I stood — one foot on each of the double yellow lines. With every 15 seconds that passed, the city traffic in opposite directions tunneled past me just inches away. The wind tunnels generated from the moving cars created an unexpected stillness. People shouted, cars honked and there I stood, waiting for those rays of sun to begin making their way to the empty corridor between east and west.
As I waited, one by one, people, too, walked over, lined up and stood still by and behind me. In what seemed like a short-twenty minutes, time came to a halt. The cars stopped. The talking quieted. And in that moment, the sun edged its way into that negative space and positively altered it. Among the things that make NY for me, are those negative spaces. The unexpected yet endless moments created by the play of light and space reflecting to and from the buildings and up and back from and into the sky. It is in those moments that make up for almost all of New York’s flaws.
That moment of stillness — when time froze, the dissonance paused and succumbed to silence and the hundreds of shutter snaps — changed me. As the sun moved on and set for the day, I turned around only to realize that, literally, hundreds of people were standing around me. The energy from that moment of silence juxtaposed with the view of the hundreds of people, left a profound impact — rarely, if ever, do you get to witness people congregate in a single space simply to see the sun and connect with nature and the universe.
If you know me, and know me well, I’ve done some pretty dangerous and irresponsible things to take a decent picture. For me, it’s not about taking pictures for the sake of it. Rather, it’s to capture that moment I’ve connected with and that specific perspective. I want to remember and share with others what I see and what makes me tick, the good and the bad.
However, today was different. For the first time, that moment was indelibly shaped by the energy of the people around me. In an ever-expanding universe we will never know the answers to everything. Yet, I can say with confidence what I believe to be an inherent truth:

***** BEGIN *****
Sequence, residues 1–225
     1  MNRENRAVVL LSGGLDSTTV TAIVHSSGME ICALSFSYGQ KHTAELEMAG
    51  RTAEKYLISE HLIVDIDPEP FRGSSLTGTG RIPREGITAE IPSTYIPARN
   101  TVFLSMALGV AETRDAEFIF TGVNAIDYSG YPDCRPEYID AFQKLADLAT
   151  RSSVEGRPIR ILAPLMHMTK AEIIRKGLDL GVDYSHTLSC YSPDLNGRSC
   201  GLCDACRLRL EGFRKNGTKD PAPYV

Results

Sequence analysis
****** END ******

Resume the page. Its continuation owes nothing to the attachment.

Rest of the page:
We, as a people, know right from wrong. We, as a people, know no barrier when it comes to love, acceptance and appreciation. We, as a people, know that knowing others only happens when preconceived assumptions are dropped and left at the door. That, we, as a people, know that we are not far removed from the land, the sea, and the sky — rather, it is that environment to which We, as a people, are fundamentally bound to. And that at the end of the day, we, as a people, know what’s worth preserving and persevering.
This moment, among others, continues to inspire my desire to make a difference and effectuate a meaningful and sustainable change for a better tomorrow — ending energy poverty with policies that promote clean and sustainable resources while accounting for and preserving the land, the water and the energy that ties it altogether, the climate.
And since we are here, I feel that it is only appropriate that I address the senseless violence that occurred last week. I am left feeling both saddened and enraged. I am at a loss of words for what to say. Last week’s actions are indefensible and have undoubtedly led our society — yet again — further down a dark and divided path. As an individual, it is my responsibility to understand the value of life and respect everyone regardless of how they look, pray and love. It, too, is your responsibility to do the same. I rarely write in response to atrocities such as these, however with the passing of each, I find myself thinking and confounded with the thought of how will I explain them in the future — knowing that similar ones will come to pass. So let this be an edification to reinforce a belief that through compassion, understanding and love in one another and the universe, We can build a better tomorrow.